To most people, a few laps around Jesmond Dene or a trip down to the coast would constitute a productive bike ride. Not for Wade Financial’s Steve Conway. The Managing Director took time away from running the financial services business to undertake the Deloitte Ride Across Britain challenge, cycling from John O’Groats to Land’s End in nine gruelling days – without an ice cream or a beach ball in sight.
Steve had always been a cycling enthusiast from a young age, competing in the national time trials as a junior, before personal and professional commitments took centre stage. “As you get that little bit older, you end up with cars, jobs, kids and everything else, so you just fit it in when you can,” he explained. Steve still found the time to participate in a number of bike rides, raising money for charity along the way, but few stretched further than 100 miles. What drove the man to take on a course ten times the length of his previous routes? “It’s such an iconic ride itself, and it’s something I’ve wanted to do all of my life. As you get older, you realise that it’s not going to get any easier, so I had to push myself to do it. It’s classed as an extreme challenge, and I thought ‘well actually, that’s the one to do’.”
The steep gradients, the overpowering headwinds, the deteriorating weather and the cumulative effect of each stage all made for a tough journey, both physically and mentally. “What I did find, as much as it is a physical endurance event, for want of a better word, psychologically it’s actually really tough as well,” Steve admitted. “You’ve got no real time to enjoy it sometimes, and you’re plodding away, so you’ve got a lot of time to think whilst you’re actually on the bike – sometimes about the pain you’re in, sometimes about how cold and miserable it is. We had appalling weather, even though it was June!”
Still, Steve persevered, triumphantly stating that he never hopped from his saddle to push his bicycle up the arduous terrain. “Some of the days had up to 10,000 feet of climbing in total, on top of 120 miles. They sent me an email which showed me the amount of total ascension was twice the height of Everest over the ride, something ridiculous like that. You just think, ‘bloody hell! No wonder I’m tired!'” Though not quite as difficult (not to mention dangerous) as attempting to cycle up the world’s highest mountain, the trek still had its fair share of daunting summits. “Some of the hills were particularly steep, like Shap Fell, for instance; that’s just a long slug of a climb.”
The route saved the worst for last – something that Wade Financial colleague Dave Hetherington deliberately failed to point out. “He knew which way I was going, but didn’t want to mention to me about the two really, really big hills. They’re ridiculous, about a 25% gradient. And there’s two of them! You get up the first one, and you think, ‘right, I’ve done it, that’s it, it must be downhill from now,’ and then there’s another one! It’s like, ‘where did that come from?!’ Right towards the end, that’s pretty torturous stuff. It was tough – very emotional, in terms of your mental energy as well as physical energy. But very good.”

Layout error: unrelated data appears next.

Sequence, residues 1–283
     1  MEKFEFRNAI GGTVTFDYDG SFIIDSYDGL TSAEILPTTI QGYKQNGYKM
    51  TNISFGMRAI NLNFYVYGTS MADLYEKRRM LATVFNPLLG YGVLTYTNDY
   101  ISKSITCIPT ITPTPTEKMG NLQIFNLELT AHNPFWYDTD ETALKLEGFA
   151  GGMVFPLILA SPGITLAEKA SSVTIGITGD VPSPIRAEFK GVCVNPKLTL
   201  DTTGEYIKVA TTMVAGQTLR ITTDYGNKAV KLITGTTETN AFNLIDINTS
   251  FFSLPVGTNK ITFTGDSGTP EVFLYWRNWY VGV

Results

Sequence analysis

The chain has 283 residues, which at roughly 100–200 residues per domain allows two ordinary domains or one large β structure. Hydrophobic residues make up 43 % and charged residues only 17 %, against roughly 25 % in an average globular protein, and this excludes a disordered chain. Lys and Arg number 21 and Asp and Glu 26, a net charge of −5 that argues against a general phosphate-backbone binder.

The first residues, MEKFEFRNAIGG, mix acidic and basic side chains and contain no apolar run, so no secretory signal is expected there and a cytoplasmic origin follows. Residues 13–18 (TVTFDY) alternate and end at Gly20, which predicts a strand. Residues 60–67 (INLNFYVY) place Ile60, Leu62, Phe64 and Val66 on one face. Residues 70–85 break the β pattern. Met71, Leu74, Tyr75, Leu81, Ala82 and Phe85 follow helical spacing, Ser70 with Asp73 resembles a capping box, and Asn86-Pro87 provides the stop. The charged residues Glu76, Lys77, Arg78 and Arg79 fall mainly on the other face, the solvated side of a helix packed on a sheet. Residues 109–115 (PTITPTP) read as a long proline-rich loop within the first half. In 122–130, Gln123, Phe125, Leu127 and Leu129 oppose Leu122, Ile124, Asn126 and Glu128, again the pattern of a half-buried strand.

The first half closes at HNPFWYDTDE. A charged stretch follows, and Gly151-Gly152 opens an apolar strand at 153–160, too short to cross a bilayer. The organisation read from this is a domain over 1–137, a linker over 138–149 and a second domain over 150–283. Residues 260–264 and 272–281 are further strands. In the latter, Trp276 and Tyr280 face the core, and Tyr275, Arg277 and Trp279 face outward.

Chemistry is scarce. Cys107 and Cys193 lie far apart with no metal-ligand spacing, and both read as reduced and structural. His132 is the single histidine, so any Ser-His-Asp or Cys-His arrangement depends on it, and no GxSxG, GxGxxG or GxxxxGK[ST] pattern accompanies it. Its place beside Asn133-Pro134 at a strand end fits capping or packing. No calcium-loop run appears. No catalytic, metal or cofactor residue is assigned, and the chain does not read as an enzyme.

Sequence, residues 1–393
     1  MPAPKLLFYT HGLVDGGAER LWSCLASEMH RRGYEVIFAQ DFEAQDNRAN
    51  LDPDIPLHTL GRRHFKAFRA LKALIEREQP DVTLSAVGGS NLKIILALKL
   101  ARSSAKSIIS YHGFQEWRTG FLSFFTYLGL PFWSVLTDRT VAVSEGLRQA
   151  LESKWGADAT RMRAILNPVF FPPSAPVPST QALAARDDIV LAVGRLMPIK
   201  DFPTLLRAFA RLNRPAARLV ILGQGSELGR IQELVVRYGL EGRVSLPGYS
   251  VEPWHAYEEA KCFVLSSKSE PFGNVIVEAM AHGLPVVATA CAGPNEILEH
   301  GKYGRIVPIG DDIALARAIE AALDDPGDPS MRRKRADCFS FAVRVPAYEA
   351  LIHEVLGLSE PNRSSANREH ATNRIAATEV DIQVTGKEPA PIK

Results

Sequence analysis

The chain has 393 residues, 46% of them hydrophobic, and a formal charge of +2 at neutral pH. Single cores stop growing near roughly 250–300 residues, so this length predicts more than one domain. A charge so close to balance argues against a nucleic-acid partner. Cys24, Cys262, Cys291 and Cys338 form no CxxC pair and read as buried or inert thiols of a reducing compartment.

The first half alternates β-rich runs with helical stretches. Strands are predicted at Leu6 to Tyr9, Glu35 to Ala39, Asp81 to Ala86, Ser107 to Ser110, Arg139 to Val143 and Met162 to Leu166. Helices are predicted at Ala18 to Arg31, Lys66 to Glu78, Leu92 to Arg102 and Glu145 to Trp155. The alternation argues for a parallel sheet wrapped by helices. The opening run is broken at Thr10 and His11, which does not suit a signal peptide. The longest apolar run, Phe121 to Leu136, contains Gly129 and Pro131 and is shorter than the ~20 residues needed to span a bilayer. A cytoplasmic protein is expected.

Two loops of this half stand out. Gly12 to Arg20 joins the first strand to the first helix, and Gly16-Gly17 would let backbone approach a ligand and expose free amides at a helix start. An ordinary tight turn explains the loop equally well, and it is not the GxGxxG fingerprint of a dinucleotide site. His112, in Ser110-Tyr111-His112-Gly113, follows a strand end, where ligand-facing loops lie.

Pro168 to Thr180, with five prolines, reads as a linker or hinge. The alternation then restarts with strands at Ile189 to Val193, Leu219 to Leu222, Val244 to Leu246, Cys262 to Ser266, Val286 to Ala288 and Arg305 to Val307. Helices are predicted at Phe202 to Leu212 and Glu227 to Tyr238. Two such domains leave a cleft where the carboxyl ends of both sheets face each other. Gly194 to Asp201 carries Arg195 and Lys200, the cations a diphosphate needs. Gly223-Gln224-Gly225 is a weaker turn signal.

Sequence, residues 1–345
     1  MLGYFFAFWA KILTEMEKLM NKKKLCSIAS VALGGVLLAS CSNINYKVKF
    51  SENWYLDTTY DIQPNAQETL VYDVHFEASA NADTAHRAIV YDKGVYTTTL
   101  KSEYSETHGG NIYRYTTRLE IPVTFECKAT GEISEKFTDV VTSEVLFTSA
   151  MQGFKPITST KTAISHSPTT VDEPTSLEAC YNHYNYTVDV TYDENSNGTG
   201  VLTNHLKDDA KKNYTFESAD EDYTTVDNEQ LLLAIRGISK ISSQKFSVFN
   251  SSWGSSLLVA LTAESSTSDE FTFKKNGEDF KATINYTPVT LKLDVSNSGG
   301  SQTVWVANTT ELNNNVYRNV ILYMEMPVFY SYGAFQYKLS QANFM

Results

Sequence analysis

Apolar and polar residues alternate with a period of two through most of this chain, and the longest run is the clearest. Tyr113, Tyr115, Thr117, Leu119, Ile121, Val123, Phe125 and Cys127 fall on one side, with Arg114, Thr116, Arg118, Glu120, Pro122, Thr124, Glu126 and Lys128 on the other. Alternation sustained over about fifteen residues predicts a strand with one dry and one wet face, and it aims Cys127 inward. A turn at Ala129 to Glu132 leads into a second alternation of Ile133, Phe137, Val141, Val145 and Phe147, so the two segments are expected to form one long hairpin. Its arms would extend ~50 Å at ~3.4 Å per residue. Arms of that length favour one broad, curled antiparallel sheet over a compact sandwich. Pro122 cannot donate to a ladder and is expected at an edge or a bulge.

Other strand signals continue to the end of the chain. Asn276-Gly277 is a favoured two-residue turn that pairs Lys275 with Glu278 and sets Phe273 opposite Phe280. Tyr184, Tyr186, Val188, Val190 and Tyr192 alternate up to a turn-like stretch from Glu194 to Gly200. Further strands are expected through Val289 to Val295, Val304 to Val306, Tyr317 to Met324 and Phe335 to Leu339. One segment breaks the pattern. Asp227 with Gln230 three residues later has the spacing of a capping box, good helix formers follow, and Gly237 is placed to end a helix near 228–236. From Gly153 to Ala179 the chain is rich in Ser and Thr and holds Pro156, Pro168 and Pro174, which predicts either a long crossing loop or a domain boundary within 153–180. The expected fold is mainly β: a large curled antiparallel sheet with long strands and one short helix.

For all the lamentations, there were some gratifying experiences nestled in amongst the nine days of self-inflicted torture on two wheels. The scenery was, in Steve’s words, “stunning”, particularly in Scotland and the Lake District, with Glen Coe’s idyllic slopes taking his breath away. “You get to absorb so much more of the scenery around you, because you see it all at once, whereas even in a car you seeing it out of the little bits of the window.” He was equally impressed with the setup and the warm camaraderie between the riders – but reserved the highest praise for the food. “The catering was excellent. I was one of the few people who actually gained weight whilst I was away, but I did eat everything!” What’s more, without those testing climbs and hellish gradients, Steve would not have learned the true definition of the word “grippy” first-hand.
The keen cyclist admitted that he couldn’t bear to so much as look at his bike in the weeks that followed, but now that the dirt has settled, was it all worth it? “It was definitely worth it. When I look at the map of where I’ve been, how far I’ve travelled and the hills I’ve been up, I do feel an incredible sense of achievement. It was worth every penny.”
Steve paid those pennies himself, maximising the amount of funds that would go to his chosen charities. He rode for Macmillan Cancer Support, amongst others, aiding a cause that is close to his heart through professional – and personal – relationships. “I’ve got quite a few clients who are suffering with cancer and are getting treatment, benefiting from the superb care that Macmillan nurses give them, and all of the aftercare support and everything that they give to the wider family as well.”
With his knees fully healed and his ankle no longer swollen, Steve can look forward to getting back on the road – though not necessarily in the near future, with less intense cycle trips that accommodate “more time for tea and cakes” on his short-term agenda. Next year is a different matter, he intends to cross the Channel – on the ferry, not on his bike – to witness the Tour de France, as well as partaking in a little recreational cycling himself. “I’m obviously not competing in it – you can’t! – but I’ll be following the same routes and going through the Alps, following the mountain routes and doing some proper climbing – not like the little bit I’ve just done!”
If Steve is to follow the tyre treads of Froome and Nibali up Alpe d’Huez, he will have to put himself though yet another excruciating training regimen. But, for now, a lap or two around our North Shields office should suffice.